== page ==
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Planning Toolkit – Testing

Standardized Testing

Many institutions require standardized tests as one means of comparison between applicants. Colleges understand that students and groups of students have different testing profiles.

It is the student’s responsibility to be aware of test registration deadlines and the testing requirements of the colleges to which he/she will apply. Students will need to provide Christian Heritage School’s College Board code (110982) when registering for the SAT and/or ACT and when applying to colleges. For a list of the 400 or so institutions that de-emphasize test results, visit www.fairtest.org.

PSAT/NMSQT Information

*All Christian Heritage School 9th – 11th graders will sit for the PSAT exam.

The PSAT/NMSQT (Preliminary SAT/National Merit Scholarship Qualifying Test) is a three hour practice SAT assesses the verbal, math, and writing skills that students have developed. It also allows them to participate in the Student Search Service, thereby receiving mail from participating colleges and universities. Results from this test do NOT directly impact a student’s chances of gaining admission to a particular institution.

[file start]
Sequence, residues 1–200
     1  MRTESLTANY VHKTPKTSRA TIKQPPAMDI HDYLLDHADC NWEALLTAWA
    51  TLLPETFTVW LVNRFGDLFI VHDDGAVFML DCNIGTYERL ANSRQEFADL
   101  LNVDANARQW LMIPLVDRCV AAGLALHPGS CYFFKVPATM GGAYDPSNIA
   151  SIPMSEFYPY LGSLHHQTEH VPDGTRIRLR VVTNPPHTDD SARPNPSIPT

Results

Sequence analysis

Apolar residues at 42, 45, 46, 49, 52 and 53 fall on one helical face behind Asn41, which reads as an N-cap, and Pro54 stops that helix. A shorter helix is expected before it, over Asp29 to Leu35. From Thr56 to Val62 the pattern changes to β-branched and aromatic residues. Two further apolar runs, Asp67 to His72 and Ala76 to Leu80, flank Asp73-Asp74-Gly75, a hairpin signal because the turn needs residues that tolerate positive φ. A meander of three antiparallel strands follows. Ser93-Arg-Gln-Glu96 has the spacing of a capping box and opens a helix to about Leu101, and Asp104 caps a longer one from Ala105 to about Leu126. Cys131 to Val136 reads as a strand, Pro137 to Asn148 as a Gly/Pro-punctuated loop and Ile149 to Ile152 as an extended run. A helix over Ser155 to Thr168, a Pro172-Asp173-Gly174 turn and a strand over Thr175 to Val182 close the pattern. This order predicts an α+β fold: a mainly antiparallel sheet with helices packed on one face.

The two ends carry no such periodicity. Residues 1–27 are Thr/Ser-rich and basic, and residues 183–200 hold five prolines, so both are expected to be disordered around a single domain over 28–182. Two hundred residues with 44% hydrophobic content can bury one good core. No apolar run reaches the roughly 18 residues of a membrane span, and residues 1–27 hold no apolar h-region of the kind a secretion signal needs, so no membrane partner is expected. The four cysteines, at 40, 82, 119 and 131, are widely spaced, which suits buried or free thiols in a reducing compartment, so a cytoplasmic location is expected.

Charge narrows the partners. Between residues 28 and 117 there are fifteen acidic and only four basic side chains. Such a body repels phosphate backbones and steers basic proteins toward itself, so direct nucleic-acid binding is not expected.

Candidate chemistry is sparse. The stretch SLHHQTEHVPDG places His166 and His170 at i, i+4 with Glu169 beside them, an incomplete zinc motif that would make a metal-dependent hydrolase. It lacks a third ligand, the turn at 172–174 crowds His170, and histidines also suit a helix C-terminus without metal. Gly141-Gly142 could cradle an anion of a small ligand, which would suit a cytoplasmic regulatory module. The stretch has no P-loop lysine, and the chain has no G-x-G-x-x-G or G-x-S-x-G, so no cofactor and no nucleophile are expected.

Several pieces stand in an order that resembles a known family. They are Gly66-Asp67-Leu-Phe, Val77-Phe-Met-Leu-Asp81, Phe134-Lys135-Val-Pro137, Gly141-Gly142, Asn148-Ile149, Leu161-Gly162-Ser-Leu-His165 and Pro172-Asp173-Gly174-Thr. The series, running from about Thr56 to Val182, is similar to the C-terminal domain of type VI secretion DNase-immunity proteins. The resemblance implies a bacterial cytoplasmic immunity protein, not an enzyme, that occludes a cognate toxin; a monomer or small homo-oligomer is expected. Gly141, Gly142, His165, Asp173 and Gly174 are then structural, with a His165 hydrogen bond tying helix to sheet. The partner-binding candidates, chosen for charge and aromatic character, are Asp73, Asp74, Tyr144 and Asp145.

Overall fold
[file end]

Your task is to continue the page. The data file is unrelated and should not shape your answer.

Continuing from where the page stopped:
In December/January students will receive a Score Report which includes personalized feedback on test questions and an “Improve Your Skills” section. The test is “normed” for the academic preparation of sophomores and juniors, therefore freshmen should not be alarmed if their scores are lower than anticipated. The Score Report can serve as a useful diagnostic tool, indicating specific academic skills to which a student might want to devote particular attention in his/her coursework and in his/her course selection.

The PSAT/NMSQT is the first step in the National Merit Scholarship process. The National Merit Selection Index is determined based on the scores of the PSAT taken during the junior year. The minimum score necessary to receive national recognition varies from year to year and from state to state. Christian Heritage has consistently had students recognized in the National Merit Scholarship process.

SAT Information

The SAT Reasoning Test (SAT I) is a measure of the critical thinking skills you will need for academic success in college.  The SAT assesses how well you analyze and solve problems – skills you learned in school that you will need in college.